On Jan. 31, high-concentration photovoltaic (HCPV) maker Semprius, Inc. broke the record for a photovoltaic module, with an HCPV unit that was rated at 33.9 percent efficient at converting sunlight into electricity, besting the previous record which was 32 percent efficient.
The North Carolina-based company is reaching these levels of efficiency as it prepares to start producing commercial modules later this year.
The modules, about a third of a square meter in size, were tested at the Instituto de Energía Solar at the Universidad Politécnica de Madrid (IES-UPM) under lab conditions.
“The Spanish lab is the premier location for CPV testing,” said Semprius Vice President of Business Development Russell Kanjorski. “They had the right equipment to do this.”
When the modules are introduced to the market in the second half of 2012—albeit in very limited quantity—they will likely be in the range of 33 percent to 34 percent efficient, according to Kanjorski.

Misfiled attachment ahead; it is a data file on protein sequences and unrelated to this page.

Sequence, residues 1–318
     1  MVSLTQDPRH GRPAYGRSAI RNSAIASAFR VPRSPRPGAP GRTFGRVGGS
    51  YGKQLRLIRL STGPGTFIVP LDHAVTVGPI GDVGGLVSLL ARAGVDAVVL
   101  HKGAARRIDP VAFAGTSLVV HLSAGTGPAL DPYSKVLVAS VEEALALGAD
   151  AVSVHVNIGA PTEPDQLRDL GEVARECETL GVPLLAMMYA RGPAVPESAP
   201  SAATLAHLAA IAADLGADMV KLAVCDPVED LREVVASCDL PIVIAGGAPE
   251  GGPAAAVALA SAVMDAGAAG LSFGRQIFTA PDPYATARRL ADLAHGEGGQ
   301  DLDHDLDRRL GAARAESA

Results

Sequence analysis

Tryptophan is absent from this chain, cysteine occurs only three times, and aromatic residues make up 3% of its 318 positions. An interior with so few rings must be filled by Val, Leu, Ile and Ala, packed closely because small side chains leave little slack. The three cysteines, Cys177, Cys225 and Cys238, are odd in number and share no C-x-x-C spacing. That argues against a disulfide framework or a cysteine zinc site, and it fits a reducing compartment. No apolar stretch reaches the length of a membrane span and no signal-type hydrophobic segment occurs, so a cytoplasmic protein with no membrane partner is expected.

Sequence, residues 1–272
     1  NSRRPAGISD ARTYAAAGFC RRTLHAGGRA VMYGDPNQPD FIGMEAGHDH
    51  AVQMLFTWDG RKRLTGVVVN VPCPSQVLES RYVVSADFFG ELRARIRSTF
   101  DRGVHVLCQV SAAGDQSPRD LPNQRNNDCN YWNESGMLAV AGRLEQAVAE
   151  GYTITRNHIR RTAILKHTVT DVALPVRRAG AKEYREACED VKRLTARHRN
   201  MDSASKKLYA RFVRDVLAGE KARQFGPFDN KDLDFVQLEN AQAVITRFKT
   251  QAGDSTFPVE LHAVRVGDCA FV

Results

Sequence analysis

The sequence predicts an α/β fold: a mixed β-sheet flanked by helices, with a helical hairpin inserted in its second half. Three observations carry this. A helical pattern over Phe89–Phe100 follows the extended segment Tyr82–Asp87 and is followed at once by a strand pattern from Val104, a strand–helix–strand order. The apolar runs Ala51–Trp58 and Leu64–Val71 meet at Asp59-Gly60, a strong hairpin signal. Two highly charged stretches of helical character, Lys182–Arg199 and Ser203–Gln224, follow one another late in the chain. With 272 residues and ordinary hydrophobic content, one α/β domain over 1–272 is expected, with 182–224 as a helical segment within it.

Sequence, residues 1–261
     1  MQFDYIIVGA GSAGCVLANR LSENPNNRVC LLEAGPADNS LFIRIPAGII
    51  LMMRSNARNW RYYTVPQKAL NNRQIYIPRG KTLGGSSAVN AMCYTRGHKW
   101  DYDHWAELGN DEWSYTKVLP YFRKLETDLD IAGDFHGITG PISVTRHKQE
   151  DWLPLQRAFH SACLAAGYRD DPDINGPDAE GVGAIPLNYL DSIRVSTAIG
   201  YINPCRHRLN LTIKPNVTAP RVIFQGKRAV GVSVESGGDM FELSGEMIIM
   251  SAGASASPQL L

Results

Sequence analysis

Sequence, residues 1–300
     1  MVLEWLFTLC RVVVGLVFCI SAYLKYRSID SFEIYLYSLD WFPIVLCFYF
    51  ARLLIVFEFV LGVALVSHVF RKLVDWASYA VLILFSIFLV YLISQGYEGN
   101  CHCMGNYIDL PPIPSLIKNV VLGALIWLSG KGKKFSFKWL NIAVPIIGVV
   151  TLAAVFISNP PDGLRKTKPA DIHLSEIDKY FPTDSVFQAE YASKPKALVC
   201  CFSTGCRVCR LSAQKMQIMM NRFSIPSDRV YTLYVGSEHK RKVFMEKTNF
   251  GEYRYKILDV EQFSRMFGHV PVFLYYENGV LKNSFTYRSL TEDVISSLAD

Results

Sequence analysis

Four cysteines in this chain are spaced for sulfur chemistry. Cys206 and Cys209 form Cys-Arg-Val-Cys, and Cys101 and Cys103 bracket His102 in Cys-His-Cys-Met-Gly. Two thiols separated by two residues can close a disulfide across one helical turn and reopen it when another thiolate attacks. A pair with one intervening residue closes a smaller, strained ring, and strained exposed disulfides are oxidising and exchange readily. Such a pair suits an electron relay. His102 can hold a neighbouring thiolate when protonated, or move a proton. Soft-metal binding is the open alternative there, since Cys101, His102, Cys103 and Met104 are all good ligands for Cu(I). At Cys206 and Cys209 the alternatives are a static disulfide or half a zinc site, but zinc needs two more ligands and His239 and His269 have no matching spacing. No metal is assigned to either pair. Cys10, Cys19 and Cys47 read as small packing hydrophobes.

“There was nothing special done to these modules,” he said. “They were just part of standard build.”
The company’s HCPV units are unique among other HCPV companies in that they use a proprietary deposition process called microprinting that creates individual triple-junction gallium arsenide cells that are roughly the size of a pen dot.
“Typical cells would be 1 centimeter by 1 centimeter. We’re talking 600 microns for one of our cells,” Kanjorski said.
Since each cell is so small, it also allows the company to minimize the optics that focus sunlight on the cells.
The module, which consists of many of the small cells, is only 2.5 inches deep, according to Kanjorski. They also are very good at shedding heat, so the units don’t require heat sinks.
Many other HCPV modules are thicker, sometimes up to 14 inches thick.
“This almost looks like a standard module,” he said. The thinner units are lighter and easier to ship. When installed, they have less resistance to the wind, all of which will help reduce the cost.
The company already is field-testing the devices in a number of locations, among them a 3.5-kilowatt unit in Tucson, where they recently upgraded the system to one the company plans to go to market with.
Right now the company is installing manufacturing components to automate the assembly of the modules, which now are being produced manually, according to Kanjorski.